10 Recruiting Mistakes to Avoid
Every startup with any traction quickly reaches a point where they need to hire employees to grow the business. Unfortunately, this always happens when pressures are the highest, and business processes are ill-defined. At this point you need superstars and versatile future executives, yet your in-house hiring processes and focus are at their weakest.
The result is a host of hiring mistakes that sink many young companies, or take years to fix. The solution is to never forget that hiring is a top priority task for the CEO, which should never be delegated, and which often has to supersede the urgent crises of the day.
A key success element is to start by avoiding the known list of interviewing and hiring mistakes that have been documented many times over by human resources professionals. Here’s a tongue-in-cheek summary of ten big ones to jog your recollection:
- “I’m not quite sure what we need, but this guy sounds like a miracle worker.” The message here is that if you don’t know exactly what help you need, you probably won’t get it. Do your homework on a proper job description, and make sure the applicant credentials on the resume are a fit before you proceed to interview.
- “He’s not quite what I’m looking for, but I think he is trainable.” This is the inverse of the first problem – you know what you want, but you are trying to force fit the candidate into the position. Maybe you are desperate to fill the position, or he’s related to the boss.
- “I’m confident this candidate can learn a lot from me.” This is the arrogant position that you know more than anyone you could hire, so all you need is a helper, not help. Helpers are expensive, since it often takes longer to jointly do a job than it would take one qualified person to do it alone.
- “I didn’t have time to read the resume, but he has great answers.” Some people talk a good story, but can’t produce results. Resumes won’t give you the positive conclusion, but they can highlight negatives, like job gaps, bad writing, and minimal experience.
- “He couldn’t keep up with me on results, but we have to start somewhere.” It’s always a mistake to judge a candidate by using yourself as the bar. You should assume that you are looking for someone who has skills you don’t have.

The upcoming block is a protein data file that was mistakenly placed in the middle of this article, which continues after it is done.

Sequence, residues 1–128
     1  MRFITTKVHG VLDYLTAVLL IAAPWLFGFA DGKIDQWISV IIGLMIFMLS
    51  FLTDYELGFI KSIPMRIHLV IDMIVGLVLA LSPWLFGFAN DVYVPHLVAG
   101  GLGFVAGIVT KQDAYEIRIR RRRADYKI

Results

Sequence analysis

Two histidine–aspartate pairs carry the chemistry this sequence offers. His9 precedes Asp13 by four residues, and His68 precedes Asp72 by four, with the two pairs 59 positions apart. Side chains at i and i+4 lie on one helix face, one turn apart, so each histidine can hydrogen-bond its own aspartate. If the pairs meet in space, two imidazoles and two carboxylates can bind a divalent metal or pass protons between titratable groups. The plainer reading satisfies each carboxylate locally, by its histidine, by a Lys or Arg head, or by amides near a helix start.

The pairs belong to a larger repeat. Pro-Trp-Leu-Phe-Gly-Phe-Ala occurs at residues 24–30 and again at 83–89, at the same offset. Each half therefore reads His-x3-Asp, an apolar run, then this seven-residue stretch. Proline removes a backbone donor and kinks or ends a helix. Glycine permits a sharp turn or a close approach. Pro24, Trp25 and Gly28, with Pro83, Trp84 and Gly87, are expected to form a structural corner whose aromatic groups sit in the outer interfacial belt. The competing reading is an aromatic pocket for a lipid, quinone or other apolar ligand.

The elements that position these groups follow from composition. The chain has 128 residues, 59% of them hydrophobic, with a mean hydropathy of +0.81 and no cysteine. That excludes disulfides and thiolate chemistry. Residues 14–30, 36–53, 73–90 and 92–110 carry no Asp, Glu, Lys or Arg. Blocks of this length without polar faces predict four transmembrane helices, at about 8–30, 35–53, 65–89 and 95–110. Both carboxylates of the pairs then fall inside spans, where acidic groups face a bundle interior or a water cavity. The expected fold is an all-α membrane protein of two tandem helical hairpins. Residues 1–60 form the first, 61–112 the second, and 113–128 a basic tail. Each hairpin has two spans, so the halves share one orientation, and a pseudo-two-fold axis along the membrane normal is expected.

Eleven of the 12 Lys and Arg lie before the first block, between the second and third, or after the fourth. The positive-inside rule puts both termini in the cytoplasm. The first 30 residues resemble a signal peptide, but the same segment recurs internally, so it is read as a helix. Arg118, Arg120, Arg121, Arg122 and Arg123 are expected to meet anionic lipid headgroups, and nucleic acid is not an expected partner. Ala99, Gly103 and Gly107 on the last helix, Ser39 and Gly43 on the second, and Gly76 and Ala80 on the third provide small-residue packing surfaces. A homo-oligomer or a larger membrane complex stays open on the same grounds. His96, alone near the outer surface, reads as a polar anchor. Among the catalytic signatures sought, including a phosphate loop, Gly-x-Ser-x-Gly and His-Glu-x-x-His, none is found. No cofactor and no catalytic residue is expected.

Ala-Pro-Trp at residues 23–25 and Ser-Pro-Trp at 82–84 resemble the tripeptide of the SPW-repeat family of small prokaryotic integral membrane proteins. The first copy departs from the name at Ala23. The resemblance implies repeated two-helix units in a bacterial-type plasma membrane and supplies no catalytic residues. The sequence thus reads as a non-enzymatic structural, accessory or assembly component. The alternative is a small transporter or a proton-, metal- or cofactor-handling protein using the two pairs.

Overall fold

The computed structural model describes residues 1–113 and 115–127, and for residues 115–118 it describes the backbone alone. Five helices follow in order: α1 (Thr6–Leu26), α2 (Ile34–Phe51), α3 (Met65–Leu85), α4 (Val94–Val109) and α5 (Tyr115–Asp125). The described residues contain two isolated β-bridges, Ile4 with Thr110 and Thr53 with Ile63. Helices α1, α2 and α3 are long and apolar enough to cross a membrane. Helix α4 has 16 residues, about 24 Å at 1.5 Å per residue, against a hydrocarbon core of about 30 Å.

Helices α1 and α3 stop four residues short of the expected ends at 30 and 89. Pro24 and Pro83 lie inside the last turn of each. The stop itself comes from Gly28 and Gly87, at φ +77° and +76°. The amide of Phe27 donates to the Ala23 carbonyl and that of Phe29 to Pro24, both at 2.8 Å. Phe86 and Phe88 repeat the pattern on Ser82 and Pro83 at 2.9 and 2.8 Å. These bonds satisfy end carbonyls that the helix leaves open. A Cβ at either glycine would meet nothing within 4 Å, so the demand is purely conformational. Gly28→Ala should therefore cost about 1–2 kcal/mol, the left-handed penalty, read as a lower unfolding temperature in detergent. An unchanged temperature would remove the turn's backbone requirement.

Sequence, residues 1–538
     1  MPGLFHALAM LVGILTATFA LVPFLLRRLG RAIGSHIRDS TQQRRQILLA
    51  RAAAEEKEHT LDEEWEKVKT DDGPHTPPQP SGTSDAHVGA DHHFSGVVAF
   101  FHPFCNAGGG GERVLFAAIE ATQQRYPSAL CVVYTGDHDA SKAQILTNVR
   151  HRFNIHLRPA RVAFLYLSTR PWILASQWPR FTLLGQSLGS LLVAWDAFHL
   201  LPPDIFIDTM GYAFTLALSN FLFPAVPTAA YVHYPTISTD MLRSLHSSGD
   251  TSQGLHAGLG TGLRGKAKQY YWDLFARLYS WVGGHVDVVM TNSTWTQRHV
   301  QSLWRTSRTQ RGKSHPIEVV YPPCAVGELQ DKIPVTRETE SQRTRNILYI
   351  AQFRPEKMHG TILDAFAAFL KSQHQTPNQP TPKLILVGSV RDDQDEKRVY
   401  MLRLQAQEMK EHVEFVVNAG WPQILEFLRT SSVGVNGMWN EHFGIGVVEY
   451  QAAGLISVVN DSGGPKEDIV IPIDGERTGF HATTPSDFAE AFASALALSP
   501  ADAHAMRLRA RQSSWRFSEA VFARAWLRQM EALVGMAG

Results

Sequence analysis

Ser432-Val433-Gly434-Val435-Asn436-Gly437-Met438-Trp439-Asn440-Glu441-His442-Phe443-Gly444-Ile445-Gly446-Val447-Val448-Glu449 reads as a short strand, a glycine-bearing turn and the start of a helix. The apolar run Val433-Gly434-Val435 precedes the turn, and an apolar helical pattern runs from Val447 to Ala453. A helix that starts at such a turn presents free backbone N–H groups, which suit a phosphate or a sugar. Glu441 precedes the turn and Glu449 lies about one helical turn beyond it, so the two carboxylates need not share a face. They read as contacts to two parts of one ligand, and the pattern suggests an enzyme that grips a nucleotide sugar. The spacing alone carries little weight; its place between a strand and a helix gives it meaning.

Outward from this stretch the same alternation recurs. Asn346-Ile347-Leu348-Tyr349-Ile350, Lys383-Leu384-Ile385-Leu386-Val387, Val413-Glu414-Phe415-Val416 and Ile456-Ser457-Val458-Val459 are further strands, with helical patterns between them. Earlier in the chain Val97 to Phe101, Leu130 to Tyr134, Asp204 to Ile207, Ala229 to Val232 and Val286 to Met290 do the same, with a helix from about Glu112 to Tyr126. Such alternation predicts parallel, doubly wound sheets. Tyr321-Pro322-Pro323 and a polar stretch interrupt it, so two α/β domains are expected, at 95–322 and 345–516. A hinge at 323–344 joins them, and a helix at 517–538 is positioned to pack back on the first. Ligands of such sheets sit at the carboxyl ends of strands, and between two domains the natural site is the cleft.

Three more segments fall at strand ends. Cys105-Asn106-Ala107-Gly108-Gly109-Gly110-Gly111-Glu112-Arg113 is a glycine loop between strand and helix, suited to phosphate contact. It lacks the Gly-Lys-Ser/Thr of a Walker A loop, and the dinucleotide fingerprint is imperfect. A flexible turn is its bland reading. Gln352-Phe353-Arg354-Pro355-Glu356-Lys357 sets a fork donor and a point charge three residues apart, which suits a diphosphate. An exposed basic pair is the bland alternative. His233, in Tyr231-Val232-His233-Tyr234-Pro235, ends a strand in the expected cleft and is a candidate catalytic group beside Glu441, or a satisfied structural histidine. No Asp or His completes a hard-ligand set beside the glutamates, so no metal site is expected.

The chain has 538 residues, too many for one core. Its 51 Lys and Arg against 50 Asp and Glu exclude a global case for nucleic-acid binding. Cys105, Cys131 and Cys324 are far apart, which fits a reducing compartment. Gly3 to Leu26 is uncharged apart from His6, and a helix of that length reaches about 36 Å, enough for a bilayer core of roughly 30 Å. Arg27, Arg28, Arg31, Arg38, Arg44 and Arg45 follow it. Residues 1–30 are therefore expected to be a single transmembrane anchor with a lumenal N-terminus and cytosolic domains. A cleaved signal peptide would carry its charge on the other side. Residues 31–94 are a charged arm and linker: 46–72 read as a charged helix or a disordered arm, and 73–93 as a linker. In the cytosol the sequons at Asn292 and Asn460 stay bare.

- “This one is such a good fit that I don’t need to waste time on a second interview.” No matter how good you are, we can all miss things the first time around. Never hire someone without a second interview, and without having a second interviewer verify your assessment. Everyone you hire has to fit effectively with many others on the team.
- “After my sales pitch, he was so excited I knew he could do the job.” Some hiring managers spend the interview selling the company under some mistaken impression that the level of candidate excitement they can generate is indicative of future performance.
- “He’s not perfect, but our only alternative is to let the work stack up even more.” This is pure desperation, guaranteed to have bad results. If you hire someone who can’t do the job, the work backs up more, and your work doubles to get them replaced.
- “His experience is light, but he seems like a good guy.” Avoid evaluating just personality in lieu of job skills. All the statistical research shows that there is very little correlation between a good personality and any specific job. Look for job knowledge first.
- “Based on the glowing terms I heard from my friend, I’ll just skip the reference check.” There are lots of factors that can’t be assessed in an interview, or by listening only to an advocate. In this litigious society, reference checks are more productive if you also listen to what is not said.
Another element is admitting that there are things you don’t know, and identifying what they are. Too many executives let their ego stand in the way, either in admitting that there might be things they don’t do well, or in identifying and communicating specific job requirements.
Take a lesson from an old Business Week article by entrepreneur Andy Dunn, aptly named “To Recruit the Best, Admit Weaknesses” where he admitted to the best applicants “I am not good at what you do, I need your help.” In my view, if every CEO and hiring manager followed this advice, as well as good hiring practices, their business would scale a lot faster with a lot less headaches.
|Author(s)||Marty Zwilling (other articles by Marty Zwilling)|
|Original Publication Date||March 27, 2012|
|Related categories||People & Management|
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